Sparkle and Shine

As the sun spilled across my desk and onto the beads, the golden needles sparkled like crazy within the stones. It was as if they were speaking – and before long “we three kings” came to mind. The newly fallen snow had covered every branch and sitting by the window I knew it was cold – I could feel it coming off the glass. But the golden stones made me warm. “We three kings,” I repeated to myself. It shall be regal yet wearable. Fancy yet somewhat simple. The large link chain that had just arrived was the perfect balance to the nugget I had selected for the pendant. I hadn’t thought of a tassel initially. But the more I thought of kings, queens, and castles, the more it seemed appropriate – appropriately lavish.
When the piece was finished I tried it on immediately. The coolness of the stones felt lovely against my skin – as did the chain tassle. I imagined it being worn with a long, full black velvet skirt, a wide black belt – with scrolls of passimentarie for texture, and a crisp white cotton shirt with the collar turned up, 3/4 length sleeves and fancy French cuffs. “But what if she wanted more – more sparkle?” I thought. So, the next piece was created as an add on – to be worn long or doubled. Or to be worn alone with a dress or jeans.

The rounds were pricey due to their quality – AA grade – so I tried to use them sparingly. But as I thought of a coordinating bracelet, the beads I chose to enhance the faceted nugget would have to be special. You see, bracelets are usually viewed up close. More so than necklaces. Only the finest stones could be used. Those AAA Citrine Briolettes that I’ve been saving would be perfect! Not only would they provide sparkle and shine but if clustered, they will give the piece some girth – or heft. For if she were only to wear one bracelet, it should be somewhat substantial to contrast with the airy necklaces.

And so, now that I’ve had my fill of Golden Rutile Quartz, the beads shall be put away until the next urge arrives. For with the warm weekend that just passed, my thoughts have turned to Lemon Lime.

New Beginnings

Happy New Year! While I never really make New Year’s Resolutions, this year I have vowed to eliminate clutter in my life. By doing so I hope to get more room in the brain for the creative process. In addition to looking forward, I tend to look back – to briefly assess any accomplishments.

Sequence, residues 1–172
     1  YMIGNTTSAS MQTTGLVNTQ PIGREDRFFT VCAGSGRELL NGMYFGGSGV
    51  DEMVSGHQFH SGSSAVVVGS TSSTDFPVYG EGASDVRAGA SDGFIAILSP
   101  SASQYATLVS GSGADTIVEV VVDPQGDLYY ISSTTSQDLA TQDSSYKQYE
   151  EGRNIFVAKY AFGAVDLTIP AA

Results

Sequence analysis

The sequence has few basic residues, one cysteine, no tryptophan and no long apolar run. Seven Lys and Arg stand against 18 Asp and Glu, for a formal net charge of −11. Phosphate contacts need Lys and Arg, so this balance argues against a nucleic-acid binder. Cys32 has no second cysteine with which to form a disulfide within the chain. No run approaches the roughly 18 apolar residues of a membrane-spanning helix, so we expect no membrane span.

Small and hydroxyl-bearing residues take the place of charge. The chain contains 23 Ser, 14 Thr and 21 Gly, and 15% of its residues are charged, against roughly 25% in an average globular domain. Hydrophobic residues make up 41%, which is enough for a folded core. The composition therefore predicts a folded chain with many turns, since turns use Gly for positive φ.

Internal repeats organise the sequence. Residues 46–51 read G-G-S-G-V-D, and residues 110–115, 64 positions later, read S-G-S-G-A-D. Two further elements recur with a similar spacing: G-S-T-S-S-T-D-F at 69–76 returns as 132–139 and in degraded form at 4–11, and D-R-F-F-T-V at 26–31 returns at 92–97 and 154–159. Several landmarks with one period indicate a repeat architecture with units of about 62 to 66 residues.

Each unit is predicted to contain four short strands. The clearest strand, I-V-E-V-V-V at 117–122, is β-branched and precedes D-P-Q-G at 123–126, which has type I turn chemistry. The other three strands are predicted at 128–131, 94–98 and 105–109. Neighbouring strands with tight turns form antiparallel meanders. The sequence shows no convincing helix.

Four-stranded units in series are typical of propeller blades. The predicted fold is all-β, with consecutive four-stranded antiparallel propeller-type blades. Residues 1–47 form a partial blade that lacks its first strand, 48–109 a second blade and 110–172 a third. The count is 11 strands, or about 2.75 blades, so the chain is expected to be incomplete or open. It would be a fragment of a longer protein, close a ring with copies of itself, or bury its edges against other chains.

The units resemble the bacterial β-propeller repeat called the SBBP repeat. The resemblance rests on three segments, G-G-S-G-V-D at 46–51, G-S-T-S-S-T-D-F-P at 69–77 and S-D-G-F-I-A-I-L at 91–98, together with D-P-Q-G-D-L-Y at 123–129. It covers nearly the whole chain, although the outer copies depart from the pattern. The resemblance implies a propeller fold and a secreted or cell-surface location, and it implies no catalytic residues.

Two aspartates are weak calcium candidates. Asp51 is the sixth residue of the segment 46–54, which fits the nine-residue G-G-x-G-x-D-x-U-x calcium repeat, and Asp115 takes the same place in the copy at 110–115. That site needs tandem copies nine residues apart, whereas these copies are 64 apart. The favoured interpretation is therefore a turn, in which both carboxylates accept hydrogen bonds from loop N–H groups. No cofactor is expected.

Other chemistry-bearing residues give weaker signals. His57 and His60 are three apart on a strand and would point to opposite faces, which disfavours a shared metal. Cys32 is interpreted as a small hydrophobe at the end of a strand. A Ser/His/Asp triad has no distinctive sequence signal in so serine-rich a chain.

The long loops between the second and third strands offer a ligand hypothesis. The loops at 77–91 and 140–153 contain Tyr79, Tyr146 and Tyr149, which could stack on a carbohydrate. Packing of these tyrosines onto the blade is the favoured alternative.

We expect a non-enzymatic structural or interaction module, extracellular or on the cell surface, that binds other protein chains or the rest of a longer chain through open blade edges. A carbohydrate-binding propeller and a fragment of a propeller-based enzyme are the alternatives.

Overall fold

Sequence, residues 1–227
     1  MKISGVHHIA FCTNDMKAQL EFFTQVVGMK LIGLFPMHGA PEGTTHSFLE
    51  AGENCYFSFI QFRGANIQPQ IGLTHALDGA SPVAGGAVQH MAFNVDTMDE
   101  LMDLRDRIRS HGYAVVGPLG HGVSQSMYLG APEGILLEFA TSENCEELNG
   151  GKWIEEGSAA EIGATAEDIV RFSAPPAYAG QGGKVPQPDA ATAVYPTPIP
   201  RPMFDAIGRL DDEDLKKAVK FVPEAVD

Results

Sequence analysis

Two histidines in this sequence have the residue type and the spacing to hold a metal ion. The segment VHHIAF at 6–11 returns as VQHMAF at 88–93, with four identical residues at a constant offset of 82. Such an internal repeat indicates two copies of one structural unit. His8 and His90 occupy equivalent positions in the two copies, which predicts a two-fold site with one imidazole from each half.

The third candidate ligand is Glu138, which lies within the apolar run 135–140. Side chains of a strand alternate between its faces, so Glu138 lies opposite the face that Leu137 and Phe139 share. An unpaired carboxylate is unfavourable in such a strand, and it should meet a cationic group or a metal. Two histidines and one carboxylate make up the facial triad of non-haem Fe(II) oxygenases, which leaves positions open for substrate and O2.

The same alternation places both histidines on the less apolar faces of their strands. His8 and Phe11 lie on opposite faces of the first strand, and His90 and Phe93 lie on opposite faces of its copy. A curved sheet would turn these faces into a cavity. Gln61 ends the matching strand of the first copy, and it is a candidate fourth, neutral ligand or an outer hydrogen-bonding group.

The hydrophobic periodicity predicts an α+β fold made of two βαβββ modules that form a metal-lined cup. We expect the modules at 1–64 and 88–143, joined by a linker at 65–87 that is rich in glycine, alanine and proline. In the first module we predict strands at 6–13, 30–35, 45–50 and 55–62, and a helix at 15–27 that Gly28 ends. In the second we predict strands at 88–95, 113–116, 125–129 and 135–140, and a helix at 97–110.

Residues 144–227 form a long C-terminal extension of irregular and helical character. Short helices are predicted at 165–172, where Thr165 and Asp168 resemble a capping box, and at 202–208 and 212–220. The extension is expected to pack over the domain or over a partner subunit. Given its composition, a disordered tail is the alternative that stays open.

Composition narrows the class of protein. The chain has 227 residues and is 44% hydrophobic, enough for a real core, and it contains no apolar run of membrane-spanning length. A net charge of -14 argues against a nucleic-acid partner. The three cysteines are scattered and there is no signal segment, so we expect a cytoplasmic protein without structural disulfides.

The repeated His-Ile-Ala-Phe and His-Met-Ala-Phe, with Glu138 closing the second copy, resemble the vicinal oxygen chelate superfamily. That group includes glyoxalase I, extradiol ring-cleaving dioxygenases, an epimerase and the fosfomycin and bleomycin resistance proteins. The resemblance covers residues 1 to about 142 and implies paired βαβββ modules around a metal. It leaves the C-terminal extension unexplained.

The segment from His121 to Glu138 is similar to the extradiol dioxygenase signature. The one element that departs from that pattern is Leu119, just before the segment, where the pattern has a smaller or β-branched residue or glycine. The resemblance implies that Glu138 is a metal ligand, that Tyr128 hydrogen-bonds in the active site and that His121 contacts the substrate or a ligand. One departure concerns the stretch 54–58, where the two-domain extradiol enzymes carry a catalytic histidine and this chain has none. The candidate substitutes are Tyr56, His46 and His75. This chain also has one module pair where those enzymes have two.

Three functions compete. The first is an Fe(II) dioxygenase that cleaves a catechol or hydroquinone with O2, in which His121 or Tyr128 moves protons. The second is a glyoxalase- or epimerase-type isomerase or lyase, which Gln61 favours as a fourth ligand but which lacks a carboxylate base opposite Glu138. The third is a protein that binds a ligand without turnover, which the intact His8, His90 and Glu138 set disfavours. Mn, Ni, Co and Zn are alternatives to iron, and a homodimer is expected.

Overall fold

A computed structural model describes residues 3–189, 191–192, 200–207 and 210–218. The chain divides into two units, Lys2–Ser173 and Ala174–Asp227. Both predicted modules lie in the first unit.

This year, my major accomplishment has been to remain a non-smoker. Quitting the habit was something I’d wanted to do for many years. With the exception of quitting for the pregnancy and nursing of my first born, I had been a regular smoker for nearly 25 years with a habit of 1/2 to 1 pack a day depending. How did I do it – and while married to a smoker?
I began by feeling bogged down by the addiction. Yes, you have to tell yourself you hate it and do so over and over again. After you’ve convinced yourself that you’ve had enough of the addiction, go to your doctor for help. My doctor gave me a prescription to help reduce cravings and withdrawal symptoms. And while I received this prescription in September of 07, I didn’t start the program because I was taking another medication for a different problem. I waited until I had finished those meds before filling the prescription. Being able to focus on taking only one medication was helpful for me.

What were the meds like? For me, I felt extremely angry all the time. I felt like yelling all the time – and I was yelling alot more than usual. I don’t know for sure if it was the meds or the fact that I was angry for denying myself something my body wanted. Thankfully, it went away after I stopped taking them 2 months later. In addition to taking the meds, to keep from smoking I used a few other tricks.

1) Change your routine. This is really important because it’s a distraction. If you can switch the order in which you do things, it really helps.

2) Identify your triggers. Once you identify your triggers, stay away from them as much as possible. Bars, parties and alchohol were off limits for a while. I still had to drive though so I would distract myself with the radio – singing – lots of singing. Some people hold things like a pen or pencil.

3) Take deep breaths. A friend once told me that smoking was the body’s way of telling you it wants you to breathe. When I felt like smoking I would take a few deep breaths – I think getting the oxygen to the brain probably helped.

4) Prepare yourself mentally – you will be taunted by cigarettes for a long time. I’d drive by the gas station and see ads for cigarettes – ouch. I’d go to a movie and they would be either smoking on the screen or I’d have to walk thru cigarette smoke to get to my car. Eventually, the smell of cigarette smoke became disgusting and that helped but until then you need to find a way to deal with the temptation.

5) Tell yourself and others that you don’t smoke anymore. This was probably the key to my being able to quit. Whenever I was tempted to “light up”, I’d tell myself “I’m a non-smoker now.” The power of the spoken word (or thought).

What has been the most challenging? I used to associate the creative process with smoking. Meaning, when I’d get stumped about a design or needed inspiration, I’d go have a smoke. I won’t belittle that process because I realize for some, the opportunity to break with a smoke yields results. But I will say that by recognizing the smoke break as JUST A BREAK, I was able to eventually get past it.

Even tho I quit over 1 year ago, I still take it 1 day at a time. Sometimes I still say it – “I’m a non-smoker now.” It’s important to accept that you’re human and the possibility of faltering is there and that if it happens, it’s ok.
Have a Happy and Healthy 2009!

Diana ūüėČ